MeituXiuxiu, Cultural diffusion, and Asia Exotica

This week my social media feeds have been flooded with updates from White friends who have just discovered 美图绣绣 (mei3 tu2 xiu4 xiu4), or “meitu” as it is popularly known in the English-speaking world. Among Influencers and everyday users in Singapore, and in the vein of nationalist acronymic efficiency, the app is more commonly abbreviated as “mtxx”.

MeituXiuxiu has been a vital part of the Influencer ecology in Singapore since 2013, where the tasteful editing or “shopping” of selfies is neither shamed nor scorned but celebrated and rewarded. I have written about the monetizing of such selfie skills as a form of “subversive frivolity“. While mobile phone-editing apps are proliferate in Singapore, as is elsewhere in East Asia, MeituXiuxiu was one of the earliest players in the app industry with built-in single-button functions that “augmented” or “corrected” bodies according to dominant standards of Chinese beauty in the region.

Guided by context from my fieldwork among Influencers and their use of MeituXiuxiu, in this post I try to make sense of the recent uptake of MeituXiuxiu among English-speaking White folk. Screengrabs were taken from the Apple app store, Instagram, Facebook, and Twitter on 19 January 2017, 1000-1030hrs, GMT+8.  Continue reading MeituXiuxiu, Cultural diffusion, and Asia Exotica

Selfie fashion

As a young responsible adult, I spent all of this morning procrastinating productively. As a selfie researcher, I spent all of this morning procrastinating productively on selfie paraphernalia.

So here’s a quick list of current selfie fashion. I expect all of us at The Selfies Research Network (TSRN) to be appropriately dressed at our next conference. For research and resources on selfies, see here.

Selfie fashion is obviously very gendered.
For selfie fashion for men (i.e. unisex t-shirts), scroll to the end.

selfie23<Link>

selfie25<Link>

selfie40<Link>

selfie28<Link>

selfie17<Link>

selfie16<Link>

selfie15<Link> selfie01<Link>

Selfie fashion is for girls too.

selfie04<Link>

selfie14<Link>

selfie19
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selfie20
<Link>

selfie21<Link>


selfie22<Link>

Everyone can be appropriated for selfie fashion.

selfie05<Link>

selfie27<Link>

selfie32<Link>

selfie35<Link>

selfie36<Link>

Selfie fashion for workouts?

selfie24<Link>

selfie26<Link>

selfie30

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Selfie fashion makes for concise instructionals.

selfie02<Link>

selfie09<Link>

selfie11<Link>

selfie38<Link>

H8ers gon’ h8.
You’re a t-shirt, don’t tell me what to do.

selfie33<Link>

selfie03<Link>

selfie34<Link>

selfie10<Link>

selfie39<Link>

selfie37<Link>

selfie13<Link>

selfie12<Link>

Above all, selfie fashion for self-love.

selfie31<Link>

selfie18<Link>

selfie29<Link>

selfie08<Link>

selfie06<Link>

selfie07<Link>

More selfie fashion in unisex t-shirts here, here, and here.

On a serious note, is any one up for researching selfie paraphernalia and spin-off commodities with me? Please beep!

March & April in Boras, Jönköping, Manchester.

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Greetings, netizens of Böras, Jönköping, and Manchester! I’ll be heading your way to chat about social friending, hashtags, Instagram, and politician selfies. Come and say hi?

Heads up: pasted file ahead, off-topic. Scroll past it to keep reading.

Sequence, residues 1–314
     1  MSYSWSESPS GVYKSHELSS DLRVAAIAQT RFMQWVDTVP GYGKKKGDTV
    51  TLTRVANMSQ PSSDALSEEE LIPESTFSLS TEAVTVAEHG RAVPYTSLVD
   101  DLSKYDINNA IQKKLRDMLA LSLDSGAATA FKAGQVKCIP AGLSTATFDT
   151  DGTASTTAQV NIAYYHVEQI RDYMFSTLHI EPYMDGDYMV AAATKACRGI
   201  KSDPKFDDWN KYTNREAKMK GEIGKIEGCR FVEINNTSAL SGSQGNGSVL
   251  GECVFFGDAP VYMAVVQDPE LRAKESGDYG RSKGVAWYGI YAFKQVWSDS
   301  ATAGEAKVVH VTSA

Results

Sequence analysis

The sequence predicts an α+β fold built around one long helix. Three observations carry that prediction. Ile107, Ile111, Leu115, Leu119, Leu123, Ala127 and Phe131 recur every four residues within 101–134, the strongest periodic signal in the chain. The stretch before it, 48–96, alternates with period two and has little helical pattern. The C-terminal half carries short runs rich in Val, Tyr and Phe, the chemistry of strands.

PS: Special thanks to Ameera, Barbara, Danielle, and Adi for hosting me!

See you on the Internet,
Crystal

Frenemies and cashtags: Social friending and hashtag lifecycle among social media microcelebrities

The Swedish School of Library and Information Science (SSLIS)
University of Borås

30 March 2015, Monday, 1430-1600hrs

Commercial lifestyle bloggers are among the most influential social media microcelebrities in Singapore, being predominantly self-taught young women who weave advertorials and advertisements into personal blog entries and social media posts. In essence, they are selling an aspirational middle-class lifestyle to their readers, seemingly attainable through the goods and services marketed. The bloggers depend and trade on ‘social currency’, that is, their virtual world reputation and rank in the industry. One measure of reputation is the number of ‘Likes’, ‘Follows’, ‘ReTweets’, ‘Favourites’, ‘Friends’ and ‘Readers’ a blogger can effectively garner on various social media platforms. Taking a grounded theory approach, this paper focuses on the bloggers’ individual construction and circulation of this form of social capital. Specifically, the paper discusses the bloggers’ socializing techniques and the lifecycle of hashtag use as business strategies.

Capturing Class and Curating Commerce: Monetizing Instagram

Media Management and Transformation Center (MMTC)
Jönköping International Business School (JIBS)
Jönköping University

7 April 2015, Tuesday, 1000-1100hrs
B6046, Jönköping International Business School

Make love, Make envy, Make money: Power-coupling on social media

Centre for Family Enterprise and Ownership (CeFEO)
Jönköping International Business School (JIBS)
Jönköping University

13 April 2015, Monday, 1200-1300hrs
B6046, Jönköping International Business School
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Vote for my selfie: Politician selfies as charismatic leadership
(plenary speaker) 

Selfie Citizenship
Digital Innovation
Manchester Metropolitan University

16 April 2015, Thursday, 0930-1600hrs
The Shed, Digital Innovation
John Dalton West, Manchester Metropolitan University